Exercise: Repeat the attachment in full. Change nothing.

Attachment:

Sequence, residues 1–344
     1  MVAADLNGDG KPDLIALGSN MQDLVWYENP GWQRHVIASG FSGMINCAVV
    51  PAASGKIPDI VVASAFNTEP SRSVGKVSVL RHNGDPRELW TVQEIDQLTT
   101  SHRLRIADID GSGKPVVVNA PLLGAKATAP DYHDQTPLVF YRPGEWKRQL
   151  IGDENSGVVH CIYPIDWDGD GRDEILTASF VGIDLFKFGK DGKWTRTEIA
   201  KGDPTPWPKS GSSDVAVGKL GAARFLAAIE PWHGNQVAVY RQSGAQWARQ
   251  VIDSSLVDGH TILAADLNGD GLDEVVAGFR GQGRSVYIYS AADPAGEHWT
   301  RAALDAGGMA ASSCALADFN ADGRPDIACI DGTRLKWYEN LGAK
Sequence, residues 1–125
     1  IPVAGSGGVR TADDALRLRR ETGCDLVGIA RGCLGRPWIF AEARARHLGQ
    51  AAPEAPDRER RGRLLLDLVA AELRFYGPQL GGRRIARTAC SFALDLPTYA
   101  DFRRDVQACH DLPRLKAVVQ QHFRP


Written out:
Sequence, residues 1–344
     1  MVAADLNGDG KPDLIALGSN MQDLVWYENP GWQRHVIASG FSGMINCAVV
    51  PAASGKIPDI VVASAFNTEP SRSVGKVSVL RHNGDPRELW TVQEIDQLTT
   101  SHRLRIADID GSGKPVVVNA PLLGAKATAP DYHDQTPLVF YRPGEWKRQL
   151  IGDENSGVVH CIYPIDWDGD GRDEILTASF VGIDLFKFGK DGKWTRTEIA
   201  KGDPTPWPKS GSSDVAVGKL GAARFLAAIE PWHGNQVAVY RQSGAQWARQ
   251  VIDSSLVDGH TILAADLNGD GLDEVVAGFR GQGRSVYIYS AADPAGEHWT
   301  RAALDAGGMA ASSCALADFN ADGRPDIACI DGTRLKWYEN LGAK
Sequence, residues 1–125
     1  IPVAGSGGVR TADDALRLRR ETGCDLVGIA RGCLGRPWIF AEARARHLGQ
    51  AAPEAPDRER RGRLLLDLVA AELRFYGPQL GGRRIARTAC SFALDLPTYA
   101  DFRRDVQACH DLPRLKAVVQ QHFRP